CPC Cares has a great shortlist on medical issues that can cause chronic nail chewing:
- Brittle and thick nails, most often seen in older cats
Kate Huges for Pet MD sheds some light on the way infections in particular can result in felines excessively chewing on paws:
Bacterial or yeast infections may cause a cat to pick at his paws, and, by extension, his nails. These infections can be difficult to prevent, especially in animals who are genetically prone to them. […] Infections can also be the result of contact with chemicals that have an irritating affect on the paws. […] Additionally, if an owner cuts a cat’s nails too short, it may lead to infections because the blood vessels in the claws are no longer protected.
Whether or not your cat has a medical issue – from parasites to infections – can only be determined by your vet.
Already taken kitty to the vet’s office? Fluffy have a clean bill of health? Time to take a look at our last option: stress & anxiety.
The Psychological Issue That Can Cause Felines to Nail Chew Excessively: Anxiety
There are quite a lot of things out there that can stress out a cat. Typically, kitties like one heck of a lot of routine, disdaining nearly any change that’s big enough to disrupt their daily schedule.
Small things from construction being done in a neighbouring apartment or house, to large things like the introduction of a new cat to the household, can really shake up a cat psychologically and make him or her stressed and anxious.
There are plenty of things you can do if you get to the point where stress and anxiety are the only answers left to explain excessive and/or aggressive nail biting in your cat.
The first step? Trying to identify any changes that may have occurred around the time the abnormal claw pulling began.
Did you move houses? Change your cat’s food? Did your indoor cat begin to see neighbouring cats visit more and more often at the window?
If you can think of one or two changes that may have triggered the anxiety, try alleviating the anxiety as much as possible by countering the change.
Keep your cat confined to one, safe room in the house with everything he or she wants and needs, until your cat gets used to that small space, then slowly and steadily re-introduce your cat to the rest of the house when he or she is ready.
Put your cat back on the old food, slowly and steadily introducing the new food with an increasing percentage added of the new food each day.
Start with 5% of the meal being the new food, then 10, then 15.. until finally you’ve transitioned completely in a way your cat is not stressed over. Cat stressed over neighbourhood visitors?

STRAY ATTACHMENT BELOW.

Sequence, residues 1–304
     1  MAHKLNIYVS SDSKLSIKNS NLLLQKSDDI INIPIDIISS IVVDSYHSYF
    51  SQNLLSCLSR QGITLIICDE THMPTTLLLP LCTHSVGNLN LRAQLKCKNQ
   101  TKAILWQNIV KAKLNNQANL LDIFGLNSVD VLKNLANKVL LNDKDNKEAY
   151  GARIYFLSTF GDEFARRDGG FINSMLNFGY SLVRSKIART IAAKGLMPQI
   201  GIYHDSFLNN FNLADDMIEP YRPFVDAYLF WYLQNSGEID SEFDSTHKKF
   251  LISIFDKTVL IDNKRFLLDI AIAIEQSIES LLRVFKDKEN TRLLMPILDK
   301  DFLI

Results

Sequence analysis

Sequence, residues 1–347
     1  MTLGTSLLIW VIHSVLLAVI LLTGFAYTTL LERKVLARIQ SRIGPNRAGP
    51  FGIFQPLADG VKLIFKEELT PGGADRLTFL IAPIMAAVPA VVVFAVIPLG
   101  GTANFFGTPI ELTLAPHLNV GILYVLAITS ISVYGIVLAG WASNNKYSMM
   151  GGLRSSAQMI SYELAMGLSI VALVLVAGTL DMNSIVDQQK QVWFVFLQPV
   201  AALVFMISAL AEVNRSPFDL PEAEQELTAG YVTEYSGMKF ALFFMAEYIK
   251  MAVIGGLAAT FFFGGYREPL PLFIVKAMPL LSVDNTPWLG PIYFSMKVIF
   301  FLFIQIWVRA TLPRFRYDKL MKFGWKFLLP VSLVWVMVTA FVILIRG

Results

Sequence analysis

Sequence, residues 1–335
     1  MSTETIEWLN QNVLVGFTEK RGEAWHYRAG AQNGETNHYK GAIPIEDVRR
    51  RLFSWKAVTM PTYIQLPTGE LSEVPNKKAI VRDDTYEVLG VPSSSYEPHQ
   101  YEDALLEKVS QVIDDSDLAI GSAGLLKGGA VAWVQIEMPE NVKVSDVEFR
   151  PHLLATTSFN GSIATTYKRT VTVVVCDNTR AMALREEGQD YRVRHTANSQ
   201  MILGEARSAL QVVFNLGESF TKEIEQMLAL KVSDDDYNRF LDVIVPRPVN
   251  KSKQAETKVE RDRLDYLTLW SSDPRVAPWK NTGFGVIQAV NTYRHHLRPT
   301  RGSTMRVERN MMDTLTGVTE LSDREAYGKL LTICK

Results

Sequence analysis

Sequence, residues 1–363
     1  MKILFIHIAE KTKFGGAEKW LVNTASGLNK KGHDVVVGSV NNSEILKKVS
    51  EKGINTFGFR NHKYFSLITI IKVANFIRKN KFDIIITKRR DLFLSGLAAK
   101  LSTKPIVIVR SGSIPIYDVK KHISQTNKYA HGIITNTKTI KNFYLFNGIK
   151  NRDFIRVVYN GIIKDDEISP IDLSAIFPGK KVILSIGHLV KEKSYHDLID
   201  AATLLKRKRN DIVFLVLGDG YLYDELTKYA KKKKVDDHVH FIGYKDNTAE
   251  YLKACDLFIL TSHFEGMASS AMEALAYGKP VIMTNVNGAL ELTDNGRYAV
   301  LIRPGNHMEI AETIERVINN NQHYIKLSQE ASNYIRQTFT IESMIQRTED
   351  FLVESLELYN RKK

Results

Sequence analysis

Try to remove the visual stimulus by closing the curtains, or finding a way to keep the neighbourhood cats away from your window completely.
Whatever you can do to relieve the particular stressor should help your cat’s anxiety levels considerably.
Other things you can do in general to reduce stress and anxiety include keeping as regular a daily routine as possible when it comes to your cat.
Feed your cat at different times each day, or don’t always play with your cat at the same time? This may be causing your cat stress.
One way to find out is by keeping a daily routine for a few days to a week to see if it helps your cat keep his or her cool a lot better and reduces the stress biting.
Try to keep as much as you can about your cat’s environment the same for as long as possible.
Then try keeping an eye out for when your cat typically begins to nail chew – this may be the perfect clue as to what’s stressing your cat out.
If you discover a potential stressor – like a lack of happiness using the litter box or something that has to do with food time since your cat starts nail biting after these experiences – try testing out a few different changes (slowly, and one at a time) to see if any fixes ends up being a solution to the anxiety.
Can’t think of what to test and try in terms of changes that could make your cat less stressed? Leave me a comment down below and I’ll do my best to brainstorm with you!
Your Thoughts on Nail Pulling in Cats?
Have you ever seen a cat bite, chew, or pull on his or her nails while grooming?
Have you ever seen a cat do this in a way that’s abnormal, aggressive and/or excessive?
Do you have any advice for cat owners who have kitties who bite their nails in an abnormal way?
Please leave your thoughts and experiences in the comments down below; you could really be helping another pet parent out considerably!